Stuff like this happens with carrier tilt:





Why is there tilt? There is tilt because Gas Piston AR's do not have a carrier key that is a gas tube like on DGI. On a DGI, the gas pushes the bolt carrier back with pressure on the carrier key. The carrier key of a GP is a solid so the piston has something to strike to move the BCG. Since the piston is striking the BCG from the top and off axis (off-center), it causes the BCG to enter the buffer tube at a downward angle. DGI does not have carrier tilt because as the gas enters the bolt carrier key, it is bled off and the BCG enter's the buffer tube straight in. GP piston action strikes the carrier like a hammer, therefore causing tilt.

Why is it a problem? Because the BCG is tearing up the buffer tube and the rear of the receiver (the threaded area that the buffer tube screws into).

Another problem with GP-AR's is they cause the gas key screws (screws that hold the bolt carrier key) to also work harder. Keys have been known to come loose and even break on rifles. Many companies do not stake keys on the bolt carrier properly and even if they did, the stakes will not stop the keys from breaking some companies have moved to the one-peice carrier Ruger's rifle. But that still doesn't solve bolt carrier tilt.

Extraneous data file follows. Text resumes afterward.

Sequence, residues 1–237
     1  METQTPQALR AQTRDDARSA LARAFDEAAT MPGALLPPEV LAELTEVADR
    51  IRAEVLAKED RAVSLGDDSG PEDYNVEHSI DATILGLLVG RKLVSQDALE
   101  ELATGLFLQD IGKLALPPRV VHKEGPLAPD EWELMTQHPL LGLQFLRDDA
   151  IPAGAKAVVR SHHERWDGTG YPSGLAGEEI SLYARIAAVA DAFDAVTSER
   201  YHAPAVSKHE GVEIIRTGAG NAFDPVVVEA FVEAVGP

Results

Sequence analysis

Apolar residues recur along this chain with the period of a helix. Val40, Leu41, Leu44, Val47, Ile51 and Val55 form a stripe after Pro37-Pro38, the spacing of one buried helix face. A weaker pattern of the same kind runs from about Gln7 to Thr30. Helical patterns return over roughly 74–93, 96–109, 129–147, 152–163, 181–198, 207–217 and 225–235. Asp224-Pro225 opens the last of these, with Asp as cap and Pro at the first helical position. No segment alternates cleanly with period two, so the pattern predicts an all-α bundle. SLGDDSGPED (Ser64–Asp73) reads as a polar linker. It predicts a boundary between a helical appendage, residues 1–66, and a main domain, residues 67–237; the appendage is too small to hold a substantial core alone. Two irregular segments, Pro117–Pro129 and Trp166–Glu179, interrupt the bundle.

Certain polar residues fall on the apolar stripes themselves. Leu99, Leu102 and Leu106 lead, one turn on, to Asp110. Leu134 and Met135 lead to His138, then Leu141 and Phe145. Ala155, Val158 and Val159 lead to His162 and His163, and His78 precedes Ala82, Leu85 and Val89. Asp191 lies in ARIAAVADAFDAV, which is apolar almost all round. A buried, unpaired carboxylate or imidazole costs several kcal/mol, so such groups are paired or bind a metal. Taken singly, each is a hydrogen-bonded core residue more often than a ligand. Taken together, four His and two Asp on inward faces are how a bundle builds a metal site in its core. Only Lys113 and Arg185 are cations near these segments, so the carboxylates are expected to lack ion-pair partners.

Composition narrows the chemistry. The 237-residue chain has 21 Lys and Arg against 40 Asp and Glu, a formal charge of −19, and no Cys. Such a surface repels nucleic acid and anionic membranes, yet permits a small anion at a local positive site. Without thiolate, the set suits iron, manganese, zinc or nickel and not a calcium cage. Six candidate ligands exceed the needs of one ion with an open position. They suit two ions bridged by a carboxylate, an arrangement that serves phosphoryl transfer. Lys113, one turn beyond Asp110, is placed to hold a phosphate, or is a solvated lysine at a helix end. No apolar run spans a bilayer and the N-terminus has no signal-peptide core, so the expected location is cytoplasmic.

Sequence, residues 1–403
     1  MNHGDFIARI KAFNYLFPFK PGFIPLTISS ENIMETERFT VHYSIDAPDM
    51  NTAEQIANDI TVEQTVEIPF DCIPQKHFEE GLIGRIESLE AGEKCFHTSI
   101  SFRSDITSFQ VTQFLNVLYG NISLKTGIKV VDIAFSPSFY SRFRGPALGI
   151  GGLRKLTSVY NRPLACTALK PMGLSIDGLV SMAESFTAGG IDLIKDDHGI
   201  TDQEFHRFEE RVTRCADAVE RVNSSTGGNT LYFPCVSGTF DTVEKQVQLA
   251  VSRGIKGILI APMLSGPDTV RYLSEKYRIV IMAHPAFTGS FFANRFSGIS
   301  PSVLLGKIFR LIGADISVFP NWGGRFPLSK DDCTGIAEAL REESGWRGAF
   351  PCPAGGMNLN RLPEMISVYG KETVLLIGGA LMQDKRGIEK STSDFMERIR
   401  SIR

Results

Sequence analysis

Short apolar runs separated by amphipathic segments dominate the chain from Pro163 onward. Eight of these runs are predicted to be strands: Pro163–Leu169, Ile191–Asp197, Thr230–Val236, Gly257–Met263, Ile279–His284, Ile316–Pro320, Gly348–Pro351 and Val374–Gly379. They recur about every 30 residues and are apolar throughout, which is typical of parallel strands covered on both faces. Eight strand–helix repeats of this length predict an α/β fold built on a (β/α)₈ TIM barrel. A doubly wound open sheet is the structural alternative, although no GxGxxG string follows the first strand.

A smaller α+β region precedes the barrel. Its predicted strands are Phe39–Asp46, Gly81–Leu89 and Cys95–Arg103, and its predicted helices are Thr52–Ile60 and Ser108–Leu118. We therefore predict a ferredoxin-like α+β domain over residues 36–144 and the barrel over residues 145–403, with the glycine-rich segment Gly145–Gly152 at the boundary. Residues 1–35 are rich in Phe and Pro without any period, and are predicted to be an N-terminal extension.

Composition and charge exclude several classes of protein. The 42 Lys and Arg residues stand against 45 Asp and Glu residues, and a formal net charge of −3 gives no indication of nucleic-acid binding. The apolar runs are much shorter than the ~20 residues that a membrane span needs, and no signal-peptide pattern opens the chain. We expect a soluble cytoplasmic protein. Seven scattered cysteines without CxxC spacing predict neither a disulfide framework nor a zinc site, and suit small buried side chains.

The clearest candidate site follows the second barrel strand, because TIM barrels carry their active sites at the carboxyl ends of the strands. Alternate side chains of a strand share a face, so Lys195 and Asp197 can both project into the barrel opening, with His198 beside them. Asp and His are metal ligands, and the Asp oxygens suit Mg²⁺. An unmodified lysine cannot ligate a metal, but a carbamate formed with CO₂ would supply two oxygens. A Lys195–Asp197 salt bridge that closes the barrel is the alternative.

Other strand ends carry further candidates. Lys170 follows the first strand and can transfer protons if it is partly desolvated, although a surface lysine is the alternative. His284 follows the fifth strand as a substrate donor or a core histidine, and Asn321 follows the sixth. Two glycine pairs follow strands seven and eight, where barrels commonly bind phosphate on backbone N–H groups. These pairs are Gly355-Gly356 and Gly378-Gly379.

The HK416, Ruger SR-556, and every other gas piston operated AR-15 is a answer to a problem that never existed.

As for them being cleaner..... the only difference is the location of the carbon buildup. With a DGI, the bolt carrier is the piston and the carbon is deposited in the chamber area.... which is actually a very large area. With a GP, the gas deposits the carbon forward of the bolt carrier in the gas block where the pistol head is.... guess what? You still need to clean that area to prevent the piston from seizing and since it is a much smaller area you need to clean it more. The only way to make a GP rifle more reliable is to have an adjustable gas system like a FN FAL. That only works simply because you are allowing more gas pressure to go through a dirty system thus allowing a seized piston to be pushed free by the gas pressure. But guess what? It's still gonna seize up at some point.